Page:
Regarding the April 28 front-page article, “U.S., Japan tweak marine exit plan“: In 1945, the southern half of the island of Okinawa was like those parts of the Tohoku region struck by the March 11, 2011, earthquake and tsunami, with towns and villages devastated.
Nothing remained after the so-called “iron typhoon” in Okinawa. Taking advantage of this nothingness, the U.S. occupation forces in postwar Okinawa freely encroached upon private land — towns, villages, farmland, schoolyards and even cemeteries — to build a number of military bases.
Today, why do negotiators from both the Japanese and U.S. governments turn a blind eye to what the U.S. armed forces did in postwar Okinawa? [The U.S.] blatantly violated international law by building facilities such as Kadena Air Base and Futenma Air Station, among many others.
Article 46 of the Hague Convention Respecting the Laws and Customs of War on Land (1907) stipulates that private property must not be confiscated in a militarily occupied area.
Our demand for the immediate return of the Futenma site is rightful and nonnegotiable because the air station sits on illegally confiscated land. Futenma is an illegal development built on stolen property. So, what is it that the U.S. defense secretary is reported to have found so praiseworthy in announcing the conclusion of a new round of two-plus-two negotiations?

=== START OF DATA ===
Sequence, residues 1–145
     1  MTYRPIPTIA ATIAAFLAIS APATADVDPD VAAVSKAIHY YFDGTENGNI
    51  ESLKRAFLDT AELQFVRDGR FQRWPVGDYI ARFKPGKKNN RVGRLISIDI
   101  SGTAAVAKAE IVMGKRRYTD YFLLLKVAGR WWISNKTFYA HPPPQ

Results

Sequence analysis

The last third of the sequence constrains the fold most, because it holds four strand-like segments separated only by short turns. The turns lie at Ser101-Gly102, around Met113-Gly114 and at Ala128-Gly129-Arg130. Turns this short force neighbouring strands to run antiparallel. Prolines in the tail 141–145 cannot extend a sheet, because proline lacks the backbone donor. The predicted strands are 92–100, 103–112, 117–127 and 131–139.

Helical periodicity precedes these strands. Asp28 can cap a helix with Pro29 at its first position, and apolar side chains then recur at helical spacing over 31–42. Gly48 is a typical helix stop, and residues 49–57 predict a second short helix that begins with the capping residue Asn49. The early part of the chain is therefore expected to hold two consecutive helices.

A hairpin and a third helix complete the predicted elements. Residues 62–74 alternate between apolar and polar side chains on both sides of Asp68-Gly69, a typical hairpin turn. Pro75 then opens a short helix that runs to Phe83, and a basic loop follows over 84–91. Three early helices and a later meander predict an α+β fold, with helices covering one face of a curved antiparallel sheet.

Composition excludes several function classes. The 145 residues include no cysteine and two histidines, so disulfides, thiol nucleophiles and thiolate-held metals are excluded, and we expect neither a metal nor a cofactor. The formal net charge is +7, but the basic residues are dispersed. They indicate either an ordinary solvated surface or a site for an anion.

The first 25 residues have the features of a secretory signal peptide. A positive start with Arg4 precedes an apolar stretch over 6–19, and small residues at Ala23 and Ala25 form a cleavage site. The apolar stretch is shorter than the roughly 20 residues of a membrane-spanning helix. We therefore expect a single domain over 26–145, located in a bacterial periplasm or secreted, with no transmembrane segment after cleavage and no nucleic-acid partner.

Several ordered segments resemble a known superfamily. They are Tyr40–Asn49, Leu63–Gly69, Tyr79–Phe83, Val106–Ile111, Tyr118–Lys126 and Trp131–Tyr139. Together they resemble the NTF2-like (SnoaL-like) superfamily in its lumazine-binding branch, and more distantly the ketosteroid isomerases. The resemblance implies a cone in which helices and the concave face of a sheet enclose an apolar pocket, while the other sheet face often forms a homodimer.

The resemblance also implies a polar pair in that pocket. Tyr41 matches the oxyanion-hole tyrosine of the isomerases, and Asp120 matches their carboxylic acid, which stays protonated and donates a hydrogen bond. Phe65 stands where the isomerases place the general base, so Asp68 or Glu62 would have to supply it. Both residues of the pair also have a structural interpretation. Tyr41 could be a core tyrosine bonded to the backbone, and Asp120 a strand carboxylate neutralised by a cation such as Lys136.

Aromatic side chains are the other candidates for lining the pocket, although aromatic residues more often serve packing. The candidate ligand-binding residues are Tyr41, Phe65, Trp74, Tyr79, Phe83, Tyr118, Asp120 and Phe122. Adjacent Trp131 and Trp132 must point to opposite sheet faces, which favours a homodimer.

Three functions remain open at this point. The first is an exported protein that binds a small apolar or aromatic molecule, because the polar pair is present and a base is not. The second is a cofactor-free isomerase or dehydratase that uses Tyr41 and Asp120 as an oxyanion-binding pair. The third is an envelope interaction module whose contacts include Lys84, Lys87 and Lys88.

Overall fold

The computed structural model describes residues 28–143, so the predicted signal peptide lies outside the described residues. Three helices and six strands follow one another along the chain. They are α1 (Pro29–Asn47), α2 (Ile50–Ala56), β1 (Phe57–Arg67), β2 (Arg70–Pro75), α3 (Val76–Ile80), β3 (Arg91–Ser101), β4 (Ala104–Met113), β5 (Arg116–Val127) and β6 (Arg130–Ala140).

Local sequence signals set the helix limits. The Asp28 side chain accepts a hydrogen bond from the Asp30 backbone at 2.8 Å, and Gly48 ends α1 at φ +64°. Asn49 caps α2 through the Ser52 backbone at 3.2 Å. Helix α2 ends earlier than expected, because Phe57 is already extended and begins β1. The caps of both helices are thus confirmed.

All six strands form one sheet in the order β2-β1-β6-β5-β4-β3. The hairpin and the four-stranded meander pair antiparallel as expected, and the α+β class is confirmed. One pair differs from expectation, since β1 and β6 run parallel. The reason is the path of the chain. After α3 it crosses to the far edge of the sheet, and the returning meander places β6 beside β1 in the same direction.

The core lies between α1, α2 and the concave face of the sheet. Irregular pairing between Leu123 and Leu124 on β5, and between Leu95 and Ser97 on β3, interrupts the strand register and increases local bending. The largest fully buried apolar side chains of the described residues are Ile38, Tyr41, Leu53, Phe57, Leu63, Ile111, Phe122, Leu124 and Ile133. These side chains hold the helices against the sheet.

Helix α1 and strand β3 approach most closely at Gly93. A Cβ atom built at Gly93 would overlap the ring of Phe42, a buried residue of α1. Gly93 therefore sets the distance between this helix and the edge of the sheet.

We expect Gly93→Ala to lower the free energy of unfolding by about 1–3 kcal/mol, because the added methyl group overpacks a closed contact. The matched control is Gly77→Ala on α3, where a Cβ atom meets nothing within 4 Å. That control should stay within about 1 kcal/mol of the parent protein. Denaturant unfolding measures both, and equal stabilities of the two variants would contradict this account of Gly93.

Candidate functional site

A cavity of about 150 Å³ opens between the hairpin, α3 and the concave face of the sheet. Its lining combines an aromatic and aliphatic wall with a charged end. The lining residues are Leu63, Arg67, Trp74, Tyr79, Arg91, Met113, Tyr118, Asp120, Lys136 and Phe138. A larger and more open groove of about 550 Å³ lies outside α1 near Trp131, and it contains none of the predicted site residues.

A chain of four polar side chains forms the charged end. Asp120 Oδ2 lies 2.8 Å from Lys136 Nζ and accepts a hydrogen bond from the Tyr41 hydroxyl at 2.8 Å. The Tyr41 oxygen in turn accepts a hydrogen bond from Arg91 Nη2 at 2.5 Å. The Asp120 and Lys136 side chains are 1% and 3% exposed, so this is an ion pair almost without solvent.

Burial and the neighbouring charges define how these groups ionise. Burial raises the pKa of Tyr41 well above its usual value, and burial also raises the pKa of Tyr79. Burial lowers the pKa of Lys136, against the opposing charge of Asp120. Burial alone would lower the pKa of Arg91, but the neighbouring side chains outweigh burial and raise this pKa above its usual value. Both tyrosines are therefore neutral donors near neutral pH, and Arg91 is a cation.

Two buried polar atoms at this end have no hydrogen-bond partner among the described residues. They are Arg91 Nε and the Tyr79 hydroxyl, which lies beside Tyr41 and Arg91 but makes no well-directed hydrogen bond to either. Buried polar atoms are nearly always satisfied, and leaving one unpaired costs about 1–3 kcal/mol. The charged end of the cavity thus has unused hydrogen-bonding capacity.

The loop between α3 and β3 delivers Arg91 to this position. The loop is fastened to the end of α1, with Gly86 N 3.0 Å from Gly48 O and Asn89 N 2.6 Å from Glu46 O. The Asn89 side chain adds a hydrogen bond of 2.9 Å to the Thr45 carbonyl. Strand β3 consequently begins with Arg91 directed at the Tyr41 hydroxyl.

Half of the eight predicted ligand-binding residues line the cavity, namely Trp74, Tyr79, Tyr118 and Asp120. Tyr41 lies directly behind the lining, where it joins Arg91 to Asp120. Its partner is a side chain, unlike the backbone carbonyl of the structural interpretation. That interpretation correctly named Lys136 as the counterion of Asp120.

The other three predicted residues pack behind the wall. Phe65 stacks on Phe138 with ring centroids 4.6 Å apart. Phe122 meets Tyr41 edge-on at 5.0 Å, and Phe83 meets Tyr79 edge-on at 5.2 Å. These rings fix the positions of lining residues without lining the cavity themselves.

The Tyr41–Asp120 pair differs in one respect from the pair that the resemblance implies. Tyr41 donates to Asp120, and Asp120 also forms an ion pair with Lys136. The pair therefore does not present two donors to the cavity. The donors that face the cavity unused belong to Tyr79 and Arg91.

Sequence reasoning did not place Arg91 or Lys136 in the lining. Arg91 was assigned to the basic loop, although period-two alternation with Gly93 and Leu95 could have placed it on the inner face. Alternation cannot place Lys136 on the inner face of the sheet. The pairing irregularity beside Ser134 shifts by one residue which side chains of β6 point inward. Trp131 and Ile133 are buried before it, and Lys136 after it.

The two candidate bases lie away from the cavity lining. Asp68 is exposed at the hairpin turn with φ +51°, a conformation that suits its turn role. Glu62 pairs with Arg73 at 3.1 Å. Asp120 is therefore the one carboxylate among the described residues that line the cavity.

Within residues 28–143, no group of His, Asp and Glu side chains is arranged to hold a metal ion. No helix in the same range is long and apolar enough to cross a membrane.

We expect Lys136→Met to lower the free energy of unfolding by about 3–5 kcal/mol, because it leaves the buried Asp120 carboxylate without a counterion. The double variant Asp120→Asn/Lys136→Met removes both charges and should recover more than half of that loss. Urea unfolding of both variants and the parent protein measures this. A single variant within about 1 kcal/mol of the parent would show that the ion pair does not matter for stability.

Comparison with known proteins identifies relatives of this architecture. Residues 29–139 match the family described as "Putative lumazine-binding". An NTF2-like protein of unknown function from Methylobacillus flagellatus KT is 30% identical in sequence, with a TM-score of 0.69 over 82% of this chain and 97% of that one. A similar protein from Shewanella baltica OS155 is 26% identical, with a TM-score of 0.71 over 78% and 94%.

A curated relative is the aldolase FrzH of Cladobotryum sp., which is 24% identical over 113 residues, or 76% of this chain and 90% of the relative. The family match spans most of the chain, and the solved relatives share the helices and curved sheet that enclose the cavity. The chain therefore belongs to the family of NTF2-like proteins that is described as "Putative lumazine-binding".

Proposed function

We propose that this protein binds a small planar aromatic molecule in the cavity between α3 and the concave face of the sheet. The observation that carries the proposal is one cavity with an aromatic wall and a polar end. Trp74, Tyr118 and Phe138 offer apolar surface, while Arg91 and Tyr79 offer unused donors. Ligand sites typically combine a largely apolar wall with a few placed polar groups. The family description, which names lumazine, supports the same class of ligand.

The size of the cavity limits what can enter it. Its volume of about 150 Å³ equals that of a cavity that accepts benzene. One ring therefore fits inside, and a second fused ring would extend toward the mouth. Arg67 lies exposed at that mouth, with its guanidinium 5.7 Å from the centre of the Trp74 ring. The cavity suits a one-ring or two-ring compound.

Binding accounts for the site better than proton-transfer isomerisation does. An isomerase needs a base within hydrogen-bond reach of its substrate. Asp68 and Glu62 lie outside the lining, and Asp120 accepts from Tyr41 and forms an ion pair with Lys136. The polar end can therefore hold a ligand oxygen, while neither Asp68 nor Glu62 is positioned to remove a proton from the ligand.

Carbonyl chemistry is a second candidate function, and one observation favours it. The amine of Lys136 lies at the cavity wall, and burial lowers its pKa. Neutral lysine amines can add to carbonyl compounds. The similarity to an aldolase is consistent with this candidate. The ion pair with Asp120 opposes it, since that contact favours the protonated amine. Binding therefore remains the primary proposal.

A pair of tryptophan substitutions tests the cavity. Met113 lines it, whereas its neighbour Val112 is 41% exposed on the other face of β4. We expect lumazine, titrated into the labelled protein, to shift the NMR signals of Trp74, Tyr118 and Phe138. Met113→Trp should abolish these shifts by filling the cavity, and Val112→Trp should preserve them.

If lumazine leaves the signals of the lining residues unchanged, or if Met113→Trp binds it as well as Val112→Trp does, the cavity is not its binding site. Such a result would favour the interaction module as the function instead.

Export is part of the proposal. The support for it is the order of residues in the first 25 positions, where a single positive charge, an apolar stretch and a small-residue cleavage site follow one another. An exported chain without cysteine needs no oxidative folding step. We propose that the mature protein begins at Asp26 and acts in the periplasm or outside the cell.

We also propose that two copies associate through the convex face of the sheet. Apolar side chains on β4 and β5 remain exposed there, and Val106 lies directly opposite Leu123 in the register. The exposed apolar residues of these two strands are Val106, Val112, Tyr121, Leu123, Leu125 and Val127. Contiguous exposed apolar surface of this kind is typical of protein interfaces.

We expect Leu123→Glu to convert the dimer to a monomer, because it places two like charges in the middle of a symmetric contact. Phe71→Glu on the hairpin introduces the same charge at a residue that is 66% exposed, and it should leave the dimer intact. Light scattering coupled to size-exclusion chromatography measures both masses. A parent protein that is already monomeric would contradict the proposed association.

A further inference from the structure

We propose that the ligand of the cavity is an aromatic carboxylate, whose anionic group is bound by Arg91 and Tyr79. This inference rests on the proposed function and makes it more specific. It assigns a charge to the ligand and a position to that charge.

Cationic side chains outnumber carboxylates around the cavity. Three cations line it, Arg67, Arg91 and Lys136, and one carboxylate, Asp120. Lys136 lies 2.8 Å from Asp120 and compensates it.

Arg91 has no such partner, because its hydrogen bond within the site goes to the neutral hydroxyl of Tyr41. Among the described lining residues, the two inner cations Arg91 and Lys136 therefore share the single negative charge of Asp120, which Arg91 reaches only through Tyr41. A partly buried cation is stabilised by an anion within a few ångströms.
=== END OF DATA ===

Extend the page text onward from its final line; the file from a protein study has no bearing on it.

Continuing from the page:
Apparently it’s the money that Tokyo has promised to pay for the construction of infrastructure on Guam to accommodate 4,000 military personnel and their families, as well as the hastily appended maintenance costs for military facilities on Tinian and Pagan islands in the Northern Mariana Islands.
Tokyo’s share could add up to $3.1 billion. Washington says the total costs for transferring 9,000 U.S. Marines from Okinawa and for maintaining facilities on Tinian and Pagan will amount to $8.6 billion. So, Japan’s share is putatively only about one-third.
The catch is whether the U.S. side will be able to appropriate its two-thirds share ($5.5 billion) of the cost in the face of the U.S. Senate Armed Services Committee’s strong objections to unnecessary spending by the military?
I strongly doubt that the U.S. can do it.
This might wind down to Japanese taxpayers’ having to shoulder most of the costs of this U.S. military realignment or housecleaning, which by nature should be funded by the U.S.
No doubt Tokyo will end up regretting that it made such stupid agreements with regard to the relocation of Futenma and the transfer of U.S. Marines to Guam.
The opinions expressed in this letter to the editor are the writer’s own and do not necessarily reflect the policies of The Japan Times.
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